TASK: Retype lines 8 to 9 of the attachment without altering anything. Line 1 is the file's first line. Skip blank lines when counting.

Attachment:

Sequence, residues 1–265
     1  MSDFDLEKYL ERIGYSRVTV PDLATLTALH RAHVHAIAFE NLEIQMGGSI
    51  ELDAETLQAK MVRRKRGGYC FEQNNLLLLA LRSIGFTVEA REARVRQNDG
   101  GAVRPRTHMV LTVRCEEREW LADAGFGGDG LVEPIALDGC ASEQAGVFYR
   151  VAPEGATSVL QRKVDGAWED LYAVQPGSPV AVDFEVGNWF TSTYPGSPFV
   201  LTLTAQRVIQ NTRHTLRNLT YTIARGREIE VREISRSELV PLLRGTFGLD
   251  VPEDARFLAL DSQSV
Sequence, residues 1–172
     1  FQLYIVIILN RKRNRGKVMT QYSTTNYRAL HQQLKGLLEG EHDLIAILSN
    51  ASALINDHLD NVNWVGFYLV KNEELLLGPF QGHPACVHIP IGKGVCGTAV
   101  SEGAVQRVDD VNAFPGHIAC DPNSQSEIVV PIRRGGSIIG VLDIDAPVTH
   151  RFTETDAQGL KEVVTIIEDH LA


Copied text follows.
Sequence, residues 1–172
     1  FQLYIVIILN RKRNRGKVMT QYSTTNYRAL HQQLKGLLEG EHDLIAILSN